Musical Desks: Today’s offices are on the move

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Musical Desks: Today’s offices are on the moveKaren Schwartz
April 24, 2018

Forget the red stapler. New office layouts are diverse and flexible, ready to be configured and reconfigured for individual and collaborative work without a static cubicle in sight.

The face of the office is changing, as are the ways employees will interact with it. A new generation of workers is headed to the office, and an evolving workplace is emerging that will be there to greet them.

New office designs include layouts that make it easy to stand, sit, work alone or in groups, in privacy or in an open space that fosters input, says the New York Times.

That’s a far cry from the one-per-person offices, which gave way to rows of cubicles and then the phenomenon where hardly anybody had walls to hang family pictures on.

Airbnb recently expanded its headquarters in San Francisco with a new building that includes themed floors and meeting rooms inspired by listings. Reports say the work spaces are divided between communal tables, phone and meeting rooms, and a top floor designed for more individual work.

And Harvard Business Review wrote in 2016 about the different ways companies were working to foster more collaboration in the workplace. A lot of it, HBR reports, has to do with using metrics to see how people interact in the office space, and designing areas that put people in face-to-face situations. Big companies like Google, Facebook and Samsung, it points out, are designed to encourage a certain kind of flow among employees.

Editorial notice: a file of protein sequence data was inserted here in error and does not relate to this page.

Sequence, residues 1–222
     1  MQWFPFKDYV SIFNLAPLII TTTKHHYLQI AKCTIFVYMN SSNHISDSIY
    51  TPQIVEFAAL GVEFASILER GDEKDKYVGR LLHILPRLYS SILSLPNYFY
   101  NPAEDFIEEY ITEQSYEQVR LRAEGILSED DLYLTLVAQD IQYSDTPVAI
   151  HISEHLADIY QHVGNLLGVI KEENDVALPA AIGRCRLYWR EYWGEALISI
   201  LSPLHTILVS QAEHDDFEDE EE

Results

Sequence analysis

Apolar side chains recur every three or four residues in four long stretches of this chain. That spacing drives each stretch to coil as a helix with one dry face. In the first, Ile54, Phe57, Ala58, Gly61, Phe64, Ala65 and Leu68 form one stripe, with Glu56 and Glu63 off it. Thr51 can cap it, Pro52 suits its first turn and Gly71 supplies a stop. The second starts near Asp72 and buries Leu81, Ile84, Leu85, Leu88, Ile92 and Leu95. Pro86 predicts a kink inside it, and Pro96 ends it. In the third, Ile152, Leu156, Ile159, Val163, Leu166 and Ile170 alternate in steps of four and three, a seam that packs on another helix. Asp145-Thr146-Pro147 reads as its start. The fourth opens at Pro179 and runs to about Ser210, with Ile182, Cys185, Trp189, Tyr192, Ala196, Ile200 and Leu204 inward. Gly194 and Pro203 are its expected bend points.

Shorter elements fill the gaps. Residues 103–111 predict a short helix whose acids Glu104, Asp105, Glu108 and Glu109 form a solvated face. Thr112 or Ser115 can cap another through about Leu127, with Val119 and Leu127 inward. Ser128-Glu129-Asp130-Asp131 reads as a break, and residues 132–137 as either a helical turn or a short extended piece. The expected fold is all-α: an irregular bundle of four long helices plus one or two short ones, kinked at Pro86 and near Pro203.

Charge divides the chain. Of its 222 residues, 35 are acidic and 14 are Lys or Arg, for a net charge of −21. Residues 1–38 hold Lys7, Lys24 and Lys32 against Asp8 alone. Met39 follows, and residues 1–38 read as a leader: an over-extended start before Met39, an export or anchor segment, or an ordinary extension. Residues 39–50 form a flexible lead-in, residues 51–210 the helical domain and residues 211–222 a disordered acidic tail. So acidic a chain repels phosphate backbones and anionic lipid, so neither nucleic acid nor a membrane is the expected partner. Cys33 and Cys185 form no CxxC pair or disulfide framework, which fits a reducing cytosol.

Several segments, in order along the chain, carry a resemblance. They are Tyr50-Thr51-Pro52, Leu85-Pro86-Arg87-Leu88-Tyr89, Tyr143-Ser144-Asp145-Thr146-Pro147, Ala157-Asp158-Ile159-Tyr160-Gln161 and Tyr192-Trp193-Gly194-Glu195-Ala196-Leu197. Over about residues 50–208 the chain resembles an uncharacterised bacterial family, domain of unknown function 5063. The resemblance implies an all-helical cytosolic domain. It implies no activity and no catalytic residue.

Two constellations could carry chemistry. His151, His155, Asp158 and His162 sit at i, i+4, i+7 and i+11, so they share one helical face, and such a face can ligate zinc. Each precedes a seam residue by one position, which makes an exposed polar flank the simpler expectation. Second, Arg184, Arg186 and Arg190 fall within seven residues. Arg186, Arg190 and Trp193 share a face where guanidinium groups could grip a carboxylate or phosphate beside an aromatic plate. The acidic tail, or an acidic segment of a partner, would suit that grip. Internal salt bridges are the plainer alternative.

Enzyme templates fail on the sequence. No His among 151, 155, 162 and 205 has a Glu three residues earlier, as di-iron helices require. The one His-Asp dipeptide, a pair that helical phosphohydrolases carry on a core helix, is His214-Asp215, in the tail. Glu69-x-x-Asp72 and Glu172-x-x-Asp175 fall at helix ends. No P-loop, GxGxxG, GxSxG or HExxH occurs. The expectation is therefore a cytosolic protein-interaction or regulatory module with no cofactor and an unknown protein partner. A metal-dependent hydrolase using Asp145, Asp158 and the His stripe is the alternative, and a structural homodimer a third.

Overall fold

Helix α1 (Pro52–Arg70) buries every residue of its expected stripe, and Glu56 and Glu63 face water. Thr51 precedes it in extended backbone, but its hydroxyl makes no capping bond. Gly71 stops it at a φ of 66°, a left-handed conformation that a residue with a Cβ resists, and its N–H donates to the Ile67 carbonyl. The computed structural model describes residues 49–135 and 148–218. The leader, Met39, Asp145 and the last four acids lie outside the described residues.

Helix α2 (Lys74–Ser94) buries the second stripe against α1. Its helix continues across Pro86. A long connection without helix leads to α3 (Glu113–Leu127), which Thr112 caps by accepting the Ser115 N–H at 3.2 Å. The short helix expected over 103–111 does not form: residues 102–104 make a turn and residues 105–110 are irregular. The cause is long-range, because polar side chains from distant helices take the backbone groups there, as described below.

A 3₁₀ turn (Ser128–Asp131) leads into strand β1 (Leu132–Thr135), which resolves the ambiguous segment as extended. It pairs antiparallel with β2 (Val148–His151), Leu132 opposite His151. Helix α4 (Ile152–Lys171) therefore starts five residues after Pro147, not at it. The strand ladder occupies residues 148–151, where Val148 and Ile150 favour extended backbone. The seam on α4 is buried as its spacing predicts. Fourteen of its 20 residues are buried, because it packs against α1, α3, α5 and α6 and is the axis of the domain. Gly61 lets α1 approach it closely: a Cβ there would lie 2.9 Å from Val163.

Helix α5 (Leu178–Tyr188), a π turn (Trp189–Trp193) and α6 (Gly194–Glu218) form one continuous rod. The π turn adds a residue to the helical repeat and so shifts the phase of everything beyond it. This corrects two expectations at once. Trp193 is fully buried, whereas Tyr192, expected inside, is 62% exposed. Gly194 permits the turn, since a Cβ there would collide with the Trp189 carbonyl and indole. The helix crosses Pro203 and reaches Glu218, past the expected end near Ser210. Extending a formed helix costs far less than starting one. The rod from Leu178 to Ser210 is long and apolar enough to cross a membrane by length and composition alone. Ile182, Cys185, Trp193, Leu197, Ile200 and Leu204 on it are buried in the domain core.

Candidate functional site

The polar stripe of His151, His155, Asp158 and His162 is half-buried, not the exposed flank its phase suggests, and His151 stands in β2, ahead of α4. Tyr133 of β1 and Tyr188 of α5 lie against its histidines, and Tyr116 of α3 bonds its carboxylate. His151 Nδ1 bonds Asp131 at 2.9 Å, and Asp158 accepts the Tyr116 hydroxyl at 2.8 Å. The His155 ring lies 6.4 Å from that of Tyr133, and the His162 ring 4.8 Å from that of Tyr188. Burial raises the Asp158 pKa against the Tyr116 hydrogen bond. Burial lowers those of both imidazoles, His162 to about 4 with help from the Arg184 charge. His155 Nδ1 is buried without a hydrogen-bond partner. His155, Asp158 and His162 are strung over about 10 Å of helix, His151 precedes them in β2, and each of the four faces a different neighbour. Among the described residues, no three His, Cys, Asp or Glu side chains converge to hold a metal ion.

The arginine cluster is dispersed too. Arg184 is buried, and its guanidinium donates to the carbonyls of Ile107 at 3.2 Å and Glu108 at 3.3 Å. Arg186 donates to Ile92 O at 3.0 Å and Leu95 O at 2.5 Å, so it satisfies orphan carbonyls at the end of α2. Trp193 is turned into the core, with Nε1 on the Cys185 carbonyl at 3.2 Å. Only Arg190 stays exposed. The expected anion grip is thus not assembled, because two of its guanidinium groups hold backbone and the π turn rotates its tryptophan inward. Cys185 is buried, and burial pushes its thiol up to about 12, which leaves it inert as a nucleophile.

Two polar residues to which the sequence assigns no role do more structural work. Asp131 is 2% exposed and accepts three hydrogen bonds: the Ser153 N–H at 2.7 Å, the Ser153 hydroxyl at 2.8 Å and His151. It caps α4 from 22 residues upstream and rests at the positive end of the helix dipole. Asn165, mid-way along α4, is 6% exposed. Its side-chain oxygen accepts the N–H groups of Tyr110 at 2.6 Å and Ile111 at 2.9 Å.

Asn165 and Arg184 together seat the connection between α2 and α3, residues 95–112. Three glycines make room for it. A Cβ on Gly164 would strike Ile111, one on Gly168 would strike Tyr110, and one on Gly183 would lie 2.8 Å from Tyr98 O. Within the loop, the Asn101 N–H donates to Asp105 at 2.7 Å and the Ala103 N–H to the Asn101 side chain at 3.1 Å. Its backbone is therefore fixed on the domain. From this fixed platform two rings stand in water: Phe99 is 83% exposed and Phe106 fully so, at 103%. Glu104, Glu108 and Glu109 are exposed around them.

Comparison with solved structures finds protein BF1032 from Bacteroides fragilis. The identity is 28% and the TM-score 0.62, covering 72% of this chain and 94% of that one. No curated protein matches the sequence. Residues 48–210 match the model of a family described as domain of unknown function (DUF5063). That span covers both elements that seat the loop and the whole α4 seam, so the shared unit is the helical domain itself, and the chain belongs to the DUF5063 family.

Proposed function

Still, even with all of the evolution in the office, a number of workers in the years to come are expected to be working outside of a traditional office setting. This will open the door to even more diverse possibilities for workspaces and time structures to fit a variety of needs tied to the gig economy, and a generation of workers with new expectations for more flexibility on the job.

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